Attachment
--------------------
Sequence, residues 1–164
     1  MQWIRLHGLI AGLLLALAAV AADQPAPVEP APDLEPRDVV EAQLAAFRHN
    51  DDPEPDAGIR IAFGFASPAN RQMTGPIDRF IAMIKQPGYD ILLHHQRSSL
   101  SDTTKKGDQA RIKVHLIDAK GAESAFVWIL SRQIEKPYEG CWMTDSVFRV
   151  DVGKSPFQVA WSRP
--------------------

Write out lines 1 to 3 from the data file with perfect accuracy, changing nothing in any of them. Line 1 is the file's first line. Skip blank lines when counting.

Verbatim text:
Sequence, residues 1–164
     1  MQWIRLHGLI AGLLLALAAV AADQPAPVEP APDLEPRDVV EAQLAAFRHN
    51  DDPEPDAGIR IAFGFASPAN RQMTGPIDRF IAMIKQPGYD ILLHHQRSSL